2016 has been a terrible year. Every year has its tragedies–natural disasters, civil wars, the continued fertility of Duggars, Kardashians, and Jenners–but 2016 has been among the worst in recent memory.
It’s been especially bad for the LGBT community. Homophobic rhetoric has been ratcheted up in 2016 thanks to the rise of Donald Trump and his de facto alt-right views. (Publicly, he shuns support from that fringe, but his ideology is a perfect match for it.) In fact, there’s been an explosion of right-wing nationalism around the globe, and there’s no sign that it’s abating yet.
And of course, 2016 was the year that many will remember for the murder of 49 innocent revelers at a gay nightclub in Orlando, Florida. The tragedy at Pulse was the deadliest terrorist attack on American soil since September 11, 2001, and the LGBT community was the shooter’s intended target.
A glimmer of hope
But as we near the end of the calendar year, there is some cause to celebrate: HRC has released its annual Corporate Equality Index, and a whopping nine automakers earned perfect scores. Fiat Chrysler Automobiles, Ford, General Motors, Hyundai, Nissan, Subaru, Tesla, Toyota, and Volkswagen each earned scores of 100. Honda earned a very respectable 85, which could climb to 100 if the company undertakes a few more pro-active programs to engage the LGBT community and launches a competency program.
That means LGBT employees at 10 of the country’s biggest automakers have the same rights and benefits as their straight peers, including multiple layers of protection from discrimination on the basis of sexual orientation and gender identity as well as access to healthcare for their spouses.
That’s huge. Do you know how many car companies earned perfect scores in 2002?
Zero. Zilch. None. That’s massive progress.
And it’s not just happening in the auto industry. In 2002, only 13 Fortune 500 companies earned perfect scores. Today, 517 do.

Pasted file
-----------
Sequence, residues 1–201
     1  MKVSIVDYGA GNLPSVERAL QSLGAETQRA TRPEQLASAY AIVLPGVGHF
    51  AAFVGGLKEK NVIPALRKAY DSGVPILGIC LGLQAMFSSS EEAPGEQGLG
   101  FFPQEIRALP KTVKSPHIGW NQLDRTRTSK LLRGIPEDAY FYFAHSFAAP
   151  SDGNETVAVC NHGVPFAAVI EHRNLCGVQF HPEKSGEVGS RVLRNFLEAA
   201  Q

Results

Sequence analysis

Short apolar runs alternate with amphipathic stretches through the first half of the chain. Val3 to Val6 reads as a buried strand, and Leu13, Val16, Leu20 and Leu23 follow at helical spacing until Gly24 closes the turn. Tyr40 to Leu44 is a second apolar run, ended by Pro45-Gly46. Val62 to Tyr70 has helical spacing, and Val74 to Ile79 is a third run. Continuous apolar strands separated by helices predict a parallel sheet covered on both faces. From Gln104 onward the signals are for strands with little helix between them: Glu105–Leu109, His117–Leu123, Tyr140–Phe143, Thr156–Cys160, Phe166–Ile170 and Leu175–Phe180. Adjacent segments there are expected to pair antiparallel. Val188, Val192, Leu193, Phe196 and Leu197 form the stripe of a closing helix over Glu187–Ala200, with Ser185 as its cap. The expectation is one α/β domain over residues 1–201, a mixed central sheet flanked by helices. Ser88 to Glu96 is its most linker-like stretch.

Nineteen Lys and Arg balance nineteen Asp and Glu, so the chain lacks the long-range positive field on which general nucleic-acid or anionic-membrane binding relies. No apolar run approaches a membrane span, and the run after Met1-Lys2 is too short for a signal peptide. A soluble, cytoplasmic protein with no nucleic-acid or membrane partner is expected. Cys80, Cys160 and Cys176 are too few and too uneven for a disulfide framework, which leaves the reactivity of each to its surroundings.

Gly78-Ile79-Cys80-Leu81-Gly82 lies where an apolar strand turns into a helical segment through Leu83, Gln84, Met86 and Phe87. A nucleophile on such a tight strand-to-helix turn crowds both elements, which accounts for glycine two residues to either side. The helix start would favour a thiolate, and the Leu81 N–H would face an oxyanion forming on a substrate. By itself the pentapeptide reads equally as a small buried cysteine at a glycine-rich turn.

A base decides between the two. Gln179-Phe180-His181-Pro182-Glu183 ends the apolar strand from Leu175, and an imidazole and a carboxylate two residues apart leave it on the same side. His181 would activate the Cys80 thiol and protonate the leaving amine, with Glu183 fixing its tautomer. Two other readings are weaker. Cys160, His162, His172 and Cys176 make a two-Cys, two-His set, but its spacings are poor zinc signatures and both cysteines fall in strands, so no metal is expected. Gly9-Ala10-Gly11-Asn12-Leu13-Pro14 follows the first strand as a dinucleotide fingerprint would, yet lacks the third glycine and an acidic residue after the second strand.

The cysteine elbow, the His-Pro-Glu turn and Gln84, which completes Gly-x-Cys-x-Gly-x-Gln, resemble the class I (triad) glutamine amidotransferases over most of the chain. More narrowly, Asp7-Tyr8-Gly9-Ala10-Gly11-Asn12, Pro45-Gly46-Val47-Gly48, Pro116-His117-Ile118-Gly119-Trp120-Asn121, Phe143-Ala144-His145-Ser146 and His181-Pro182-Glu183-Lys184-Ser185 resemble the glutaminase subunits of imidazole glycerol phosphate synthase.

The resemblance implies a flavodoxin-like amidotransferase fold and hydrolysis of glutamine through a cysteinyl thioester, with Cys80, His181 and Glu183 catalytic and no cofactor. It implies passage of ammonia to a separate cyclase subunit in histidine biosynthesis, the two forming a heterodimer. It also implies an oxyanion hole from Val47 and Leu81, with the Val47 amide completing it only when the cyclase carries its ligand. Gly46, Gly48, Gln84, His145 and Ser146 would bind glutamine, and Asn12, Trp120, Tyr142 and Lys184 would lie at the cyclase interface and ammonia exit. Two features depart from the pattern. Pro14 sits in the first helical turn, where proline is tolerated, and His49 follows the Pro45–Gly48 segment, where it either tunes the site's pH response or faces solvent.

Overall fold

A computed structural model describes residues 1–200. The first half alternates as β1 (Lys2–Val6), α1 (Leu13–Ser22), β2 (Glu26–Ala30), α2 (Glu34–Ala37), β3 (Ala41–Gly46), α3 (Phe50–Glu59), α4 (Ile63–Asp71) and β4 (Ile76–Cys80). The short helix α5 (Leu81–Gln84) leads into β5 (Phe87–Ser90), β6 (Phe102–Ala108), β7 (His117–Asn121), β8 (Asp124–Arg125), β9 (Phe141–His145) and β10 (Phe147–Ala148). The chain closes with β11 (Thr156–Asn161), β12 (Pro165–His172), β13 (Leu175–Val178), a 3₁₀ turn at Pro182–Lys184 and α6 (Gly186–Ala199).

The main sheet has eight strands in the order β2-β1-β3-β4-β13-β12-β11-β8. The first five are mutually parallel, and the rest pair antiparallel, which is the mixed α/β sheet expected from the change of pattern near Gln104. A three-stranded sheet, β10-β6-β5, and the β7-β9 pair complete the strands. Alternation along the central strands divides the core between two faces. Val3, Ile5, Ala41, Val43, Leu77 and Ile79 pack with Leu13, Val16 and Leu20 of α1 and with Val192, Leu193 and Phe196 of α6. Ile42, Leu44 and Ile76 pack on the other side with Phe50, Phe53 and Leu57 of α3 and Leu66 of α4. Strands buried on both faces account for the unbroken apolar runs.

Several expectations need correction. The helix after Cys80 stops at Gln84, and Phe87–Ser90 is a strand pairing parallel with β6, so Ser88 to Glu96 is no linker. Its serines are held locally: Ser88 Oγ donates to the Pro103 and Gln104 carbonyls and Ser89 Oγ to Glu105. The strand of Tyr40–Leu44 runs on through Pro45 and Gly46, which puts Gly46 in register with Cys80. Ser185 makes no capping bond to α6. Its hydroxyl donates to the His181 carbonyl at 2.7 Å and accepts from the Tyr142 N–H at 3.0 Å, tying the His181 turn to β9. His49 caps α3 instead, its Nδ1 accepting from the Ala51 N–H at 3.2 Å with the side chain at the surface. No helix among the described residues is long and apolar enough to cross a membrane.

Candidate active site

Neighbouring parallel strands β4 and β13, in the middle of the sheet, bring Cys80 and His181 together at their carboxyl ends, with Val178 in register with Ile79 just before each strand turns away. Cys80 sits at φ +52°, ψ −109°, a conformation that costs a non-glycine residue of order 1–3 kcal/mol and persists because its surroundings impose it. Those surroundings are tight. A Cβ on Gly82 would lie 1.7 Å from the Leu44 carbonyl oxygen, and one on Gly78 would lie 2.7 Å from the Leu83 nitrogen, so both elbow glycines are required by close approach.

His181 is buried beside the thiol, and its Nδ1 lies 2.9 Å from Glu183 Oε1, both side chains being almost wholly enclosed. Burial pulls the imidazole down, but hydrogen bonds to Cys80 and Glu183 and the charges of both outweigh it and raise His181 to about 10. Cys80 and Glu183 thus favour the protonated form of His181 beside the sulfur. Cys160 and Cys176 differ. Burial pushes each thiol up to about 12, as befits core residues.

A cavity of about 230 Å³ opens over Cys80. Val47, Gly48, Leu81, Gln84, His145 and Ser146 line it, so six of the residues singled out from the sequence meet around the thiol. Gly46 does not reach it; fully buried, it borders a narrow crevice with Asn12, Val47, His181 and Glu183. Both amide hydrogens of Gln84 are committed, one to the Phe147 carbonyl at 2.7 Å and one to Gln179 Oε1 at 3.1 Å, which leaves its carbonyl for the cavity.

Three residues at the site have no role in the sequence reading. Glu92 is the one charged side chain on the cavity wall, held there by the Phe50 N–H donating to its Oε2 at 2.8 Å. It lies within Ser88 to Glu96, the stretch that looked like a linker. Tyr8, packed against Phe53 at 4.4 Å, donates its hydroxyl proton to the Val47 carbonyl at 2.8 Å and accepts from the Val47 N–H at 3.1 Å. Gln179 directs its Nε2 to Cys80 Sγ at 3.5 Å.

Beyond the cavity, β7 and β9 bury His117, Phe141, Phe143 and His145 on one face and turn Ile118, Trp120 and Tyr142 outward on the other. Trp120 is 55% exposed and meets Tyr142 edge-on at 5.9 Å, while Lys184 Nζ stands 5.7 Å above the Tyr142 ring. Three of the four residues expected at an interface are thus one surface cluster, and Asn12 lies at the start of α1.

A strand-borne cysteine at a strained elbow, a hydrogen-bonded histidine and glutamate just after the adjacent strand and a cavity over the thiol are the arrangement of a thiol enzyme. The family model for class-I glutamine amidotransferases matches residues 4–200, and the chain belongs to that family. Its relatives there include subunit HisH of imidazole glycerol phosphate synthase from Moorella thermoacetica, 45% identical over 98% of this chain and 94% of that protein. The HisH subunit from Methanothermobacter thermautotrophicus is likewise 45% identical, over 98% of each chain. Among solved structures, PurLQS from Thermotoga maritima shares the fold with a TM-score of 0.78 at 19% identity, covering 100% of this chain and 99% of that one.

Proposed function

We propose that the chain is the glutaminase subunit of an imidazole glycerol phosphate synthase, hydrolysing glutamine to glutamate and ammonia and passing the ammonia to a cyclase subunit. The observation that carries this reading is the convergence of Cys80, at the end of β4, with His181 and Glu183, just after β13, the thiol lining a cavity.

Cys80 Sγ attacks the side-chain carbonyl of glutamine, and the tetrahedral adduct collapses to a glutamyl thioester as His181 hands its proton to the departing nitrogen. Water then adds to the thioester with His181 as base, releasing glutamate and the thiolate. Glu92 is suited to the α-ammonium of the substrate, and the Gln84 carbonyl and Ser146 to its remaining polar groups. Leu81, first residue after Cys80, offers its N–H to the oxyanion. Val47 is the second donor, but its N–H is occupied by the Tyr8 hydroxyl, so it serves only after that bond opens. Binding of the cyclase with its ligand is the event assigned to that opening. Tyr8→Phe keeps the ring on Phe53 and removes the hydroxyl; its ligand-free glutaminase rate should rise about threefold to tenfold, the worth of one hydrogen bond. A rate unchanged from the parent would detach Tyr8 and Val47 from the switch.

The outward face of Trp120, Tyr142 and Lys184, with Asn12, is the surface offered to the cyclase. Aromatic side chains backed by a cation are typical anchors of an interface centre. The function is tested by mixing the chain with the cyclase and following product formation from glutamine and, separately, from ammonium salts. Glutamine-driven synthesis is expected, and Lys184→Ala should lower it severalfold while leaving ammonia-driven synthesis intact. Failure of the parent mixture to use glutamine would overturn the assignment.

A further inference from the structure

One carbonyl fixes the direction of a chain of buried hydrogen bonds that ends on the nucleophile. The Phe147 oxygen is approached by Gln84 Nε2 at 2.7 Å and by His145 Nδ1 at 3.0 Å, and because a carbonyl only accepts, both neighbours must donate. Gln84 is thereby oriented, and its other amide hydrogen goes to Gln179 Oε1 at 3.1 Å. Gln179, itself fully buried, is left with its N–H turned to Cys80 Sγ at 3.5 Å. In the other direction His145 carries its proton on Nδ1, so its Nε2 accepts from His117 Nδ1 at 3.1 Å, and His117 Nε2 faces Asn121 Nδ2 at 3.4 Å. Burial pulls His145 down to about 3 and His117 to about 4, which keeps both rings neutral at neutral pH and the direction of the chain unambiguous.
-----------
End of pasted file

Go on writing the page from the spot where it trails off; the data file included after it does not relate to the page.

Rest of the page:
Even those companies that don’t earn perfect 100s are making progress. More than 90 percent of Fortune 500 companies surveyed for the Corporate Equality Index have employment policies that forbid discrimination on the basis of both sexual orientation and gender identity.
So, despite the onslaught of bad news these days and the concerns that many of us have about the next four years, it’s comforting to see these positive changes. Acquiring rights is difficult, but once they’re granted, it’s rare to see them taken away.
Don’t stop now
Rare–but not impossible. Don’t let this good news make you complacent. On November 8, we saw what exactly what complacency can do. We encourage all of you–both LGBTs and allies–to remain vigilant, to be outspoken, to be heard. As we learned all too well in the 1980s, silence has dire consequences.
There’s still plenty of room for improvement. Auto dealerships are pretty terrible at protecting LGBT workers: once again, Penske earned a perfect 0 from the HRC, and AutoNation wasn’t much better, with a score of 10. And of course, many automakers aren’t ranked on the CEI, since it’s officially limited to the Fortune 500. (Though it’s possible for others to take part in the survey, as Hyundai, Honda, Nissan, Subaru, Toyota, and Volkswagen did.)
You can download the entire 2017 Corporate Equality Index here.